- Written by Kris Deering
- Published on 07 January 2008
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Setup and Usability
Setting up the 95FD was pretty simple. The menus are easy to navigate and very similar in design to previous Pioneer DVD players. I don't have any music available for the player to access so I wasn't able to test out the network functions this design offers.
Users can navigate the simple setups menus to setup video and audio functions. Like the Pioneer players before it this player offers a host of different setup options for both video and audio. You can setup the audio output for internal decoding or bitstream output and you can select from a wide variety of output video resolutions, including source direct. I will go into this a bit more later in the review.
General usability was about average for a Blu-ray player. Unfortunately like most of the players on the market, this one tends to be quite slow. Initial power up is a bit sluggish as is general operation. Pioneer has offered a few firmware updates for the 94FD to deal with sluggish load times with Java based Blu-ray offerings, but so far we have only seen one for this player. Load times for some of the newer Java discs are a bit out of hand. For example I loaded the new Sony release of Close Encounters of the Third Kind and it took nearly two minutes before we even got to the normal menus! I tried the same disc on my Playstation 3 and it loaded within a few seconds. I got nearly the same results from the Panasonic DMP-BD30. At this price point I would hope that this player would be the market leader in terms of speed and operability.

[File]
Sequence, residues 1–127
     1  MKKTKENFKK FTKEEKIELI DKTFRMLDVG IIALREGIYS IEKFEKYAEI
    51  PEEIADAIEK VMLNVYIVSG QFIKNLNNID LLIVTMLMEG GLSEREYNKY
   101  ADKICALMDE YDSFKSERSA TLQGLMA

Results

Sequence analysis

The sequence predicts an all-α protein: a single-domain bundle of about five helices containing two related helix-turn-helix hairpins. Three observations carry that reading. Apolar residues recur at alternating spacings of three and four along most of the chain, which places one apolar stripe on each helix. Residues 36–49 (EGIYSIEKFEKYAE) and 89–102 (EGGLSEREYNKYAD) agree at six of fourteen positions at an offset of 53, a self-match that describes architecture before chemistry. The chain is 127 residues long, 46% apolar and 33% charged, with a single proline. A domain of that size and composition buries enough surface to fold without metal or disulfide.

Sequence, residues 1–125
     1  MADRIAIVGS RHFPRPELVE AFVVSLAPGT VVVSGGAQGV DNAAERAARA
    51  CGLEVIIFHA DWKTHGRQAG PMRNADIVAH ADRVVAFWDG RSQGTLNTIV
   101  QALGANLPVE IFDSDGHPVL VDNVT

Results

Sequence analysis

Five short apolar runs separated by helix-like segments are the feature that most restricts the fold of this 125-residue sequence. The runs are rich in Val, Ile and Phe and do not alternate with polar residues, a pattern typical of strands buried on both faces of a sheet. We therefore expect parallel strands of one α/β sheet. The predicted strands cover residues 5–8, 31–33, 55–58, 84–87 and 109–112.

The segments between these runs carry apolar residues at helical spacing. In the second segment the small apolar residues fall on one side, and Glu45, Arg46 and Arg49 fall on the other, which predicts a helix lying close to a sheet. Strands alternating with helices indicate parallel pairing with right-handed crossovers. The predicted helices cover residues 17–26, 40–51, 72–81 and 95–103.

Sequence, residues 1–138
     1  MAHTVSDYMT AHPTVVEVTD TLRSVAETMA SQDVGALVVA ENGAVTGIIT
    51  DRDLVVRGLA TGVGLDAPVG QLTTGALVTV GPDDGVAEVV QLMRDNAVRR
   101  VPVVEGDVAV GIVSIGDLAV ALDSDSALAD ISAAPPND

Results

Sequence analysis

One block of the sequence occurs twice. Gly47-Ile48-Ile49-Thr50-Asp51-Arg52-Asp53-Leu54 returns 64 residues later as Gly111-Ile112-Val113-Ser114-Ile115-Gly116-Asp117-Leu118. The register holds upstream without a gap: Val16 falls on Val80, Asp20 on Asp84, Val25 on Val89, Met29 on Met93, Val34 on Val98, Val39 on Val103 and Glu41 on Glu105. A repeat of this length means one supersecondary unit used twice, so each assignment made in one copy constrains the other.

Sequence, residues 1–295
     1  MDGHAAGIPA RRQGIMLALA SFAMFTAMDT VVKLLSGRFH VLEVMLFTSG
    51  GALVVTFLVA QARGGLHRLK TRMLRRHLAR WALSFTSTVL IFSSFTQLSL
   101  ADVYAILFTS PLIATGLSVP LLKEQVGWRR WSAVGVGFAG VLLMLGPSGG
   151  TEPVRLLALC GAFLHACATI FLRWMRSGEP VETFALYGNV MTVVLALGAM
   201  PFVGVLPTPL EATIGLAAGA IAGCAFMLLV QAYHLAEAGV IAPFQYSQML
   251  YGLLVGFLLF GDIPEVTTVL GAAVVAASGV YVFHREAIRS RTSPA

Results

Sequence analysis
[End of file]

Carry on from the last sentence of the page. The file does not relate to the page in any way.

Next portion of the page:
During disc play the 95FD is also a bit sluggish with general navigation such as chapter skips and menus. This player reminded me a lot of the Samsung BD-P1400 I just reviewed in this regard. When you press a key like chapter skip you're immediately presented with an onscreen indication but the actual operation takes a few seconds longer. I don't understand why so many HD players on both formats have these issues. I think consumers who've grown accustomed to the DVD format and its quick access times and general navigation are going to be a bit frustrated with these growing pains.
Blue-ray Video Performance and Features
The Elite 95FD is based on a Sigma Designs HD decoder chip and very similar to several other Blu-ray players I've tested so far. The nice thing is, most of the Blu-ray players on the market have been outstanding when it comes to BD video playback. Sure there are some limitations, but compared to where DVD playback was at this point in its lifeline, there is no competition.
The 95FD offers playback resolutions of 480i, 480p, 720p, 1080i, 1080p60 and 1080p24. All resolutions above 1080i require use of the HDMI output. The 95FD uses a direct mode for 24p which changes the output resolution on the fly depending on the encoding of the content on the disc. This is a great feature for those using a display or outboard video processor when the content doesn't play to the 95FD's strength.
The video output can be tailored a bit. There are options for colorspace (RBG or YCbCr), noise reduction and black/white levels. I found all of the settings out of the box to be dead on. I used the YCbCr output to prevent colorspace changes in the player (Blu-ray discs are encoded as YCbCr 4:2:0 and the player does a simple colorspace conversion to output 4:2:2 YCbCr).